My time management has been all over the place since the new year. Getting the third part of Hair of the Dog out there has been my top priority and everything else (my blog, my short stories, my hygeine) have all been kind of sacrificed on the altar of novel writing. Plus, I started a new full time job and there is a tonne of overtime I've been trying to snatch up. Not to mention I've been having difficulty getting online, especially in the evenings when most of my writing gets done. This has all combined to squeeze my free time down to a few scant hours, with not as much time as I'd like to actually stick stuff out here.
Now that the excuses are out of the way; here's what's coming up in future. I have one or two blog entries written (but not posted) and they'll be coming either next week or earlier. I'm working on a brand new short story, as well as typing up a really, really old one (I wrote it when I was sixteen, should be good for a laugh), they should be here soon too. In the meantime, here's a cop out blog entry about the third part of Hair of the Dog (working title: The Sword and The Skeleton).
Like the priest said at the adoption hearing, this is just to keep my hand in.
I've been having a lot of doubt recently. I'm like an old car that needs an oil change (or engine magic) every hundred thousand miles (I don't know from cars), except I need a confidence boost every 40-50,000 words. As you can probably tell from that extremely wounded metaphor, I also have plenty of real reasons to doubt myself. I always wonder whether I'm actually a terrible writer and everybody (some people) just encourage me because they don't want to hurt my feelings.
Today I sat down at my screen for two hours and got 186 words out of the deal. It's 186 words better than nothing, but I always aim for at the very least 1000 words every day. I do plan on coming back to it in a little while (it's the weekend, I have time to spread my words out over the entire day). I'm not even sure they're terribly good words either.
A lot of this is just pre-finish line jitters. This is the last act in this particular story and I want the ending to be as satisfying as possible. Endings are the trickiest thing to write, I think, and it doesn't help that I've left myself with a pile of dangling threads that need tying off. Some of them are being intentionally left dangling (there're a lot more stories to tell in Gallaetha, as well as an over-arching mega plot, gotta drag my readers through them with something), but there's still some things I definitely want the reader to have clear by the end. The question of who killed Michael Nash is going to be answered, I'm going to tell you what the deal is with Narak and Emily Singer, I'm even going to dig a little further into Layla's back story (not too much though, I've already written a book about some of it and I don't want to spoil how it ends). Hopefully all the questions you want answered will be answered, and if they aren't, then they will be eventually.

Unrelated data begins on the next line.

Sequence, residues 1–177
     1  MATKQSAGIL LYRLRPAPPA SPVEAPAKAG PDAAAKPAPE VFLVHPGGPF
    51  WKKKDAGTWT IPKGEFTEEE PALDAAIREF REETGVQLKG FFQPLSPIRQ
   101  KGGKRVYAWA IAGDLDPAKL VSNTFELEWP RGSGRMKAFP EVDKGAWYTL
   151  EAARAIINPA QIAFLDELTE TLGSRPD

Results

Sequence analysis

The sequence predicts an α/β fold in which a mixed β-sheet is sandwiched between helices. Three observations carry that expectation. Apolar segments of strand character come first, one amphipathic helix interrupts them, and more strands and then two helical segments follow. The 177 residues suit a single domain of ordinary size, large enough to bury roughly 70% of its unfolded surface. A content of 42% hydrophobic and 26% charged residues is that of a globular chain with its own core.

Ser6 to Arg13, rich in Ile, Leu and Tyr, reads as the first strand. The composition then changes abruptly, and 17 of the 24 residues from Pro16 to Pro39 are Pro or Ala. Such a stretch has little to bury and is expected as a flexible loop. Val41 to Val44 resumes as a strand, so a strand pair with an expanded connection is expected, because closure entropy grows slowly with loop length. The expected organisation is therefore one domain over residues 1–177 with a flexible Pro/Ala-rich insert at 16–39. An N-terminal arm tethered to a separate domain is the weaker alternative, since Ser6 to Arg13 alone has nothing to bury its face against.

It's a lot to think about, certainly, and I do love thinking about it. There's nothing that compares to the thrill of solving some particularly tricky piece of storytelling, or filling in a plot hole with something amazing. Writing is a lot like solving a puzzle sometimes, the joy is in the journey to the solution, not necessarily the solution itself (although that's pretty damn satisfying if you do it right).
I'm also conscious of how long it's been since I released the last Gallaetha story. The first and the second parts came out quite fast on each other's heels, little over a month between them. This third one has taken me nearly four months to date, and I'm still working on it. For those of you that have finished part two and are hungry for more (you sick bastards, you), it's gotta be frustrating -- and I don't want to lose readers during the wait.
I plan on having a kindle ready version of part three prepared to go by late March. This isn't a hard deadline or anything, I'm all too aware that if I set myself a deadline I could very easily overshoot it. There's still a lot more writing (some of it over a decade old) that needs editing and I'm not entirely sure what tangles I'll find up ahead. Not to mention I have to do the groan work; sorting out the cover (which I detest doing, I found that out during the last one), writing the code (which I always seem to get wrong, as those of you with a first edition version of part one can attest to) and sorting out promotion (which always makes me feel like a horrible blend of seedy strip club huckster and desperate second hand car salesman). Writing is fun, but all that stuff can go die in a fire. If I could afford to outsource any part of it I'd do so in a heartbeat.
I'll try to keep this blog dealie updated in the meantime and if I see anything up ahead liable to push me past the late March deadline then here's where you'll get to find out about it and yell at me.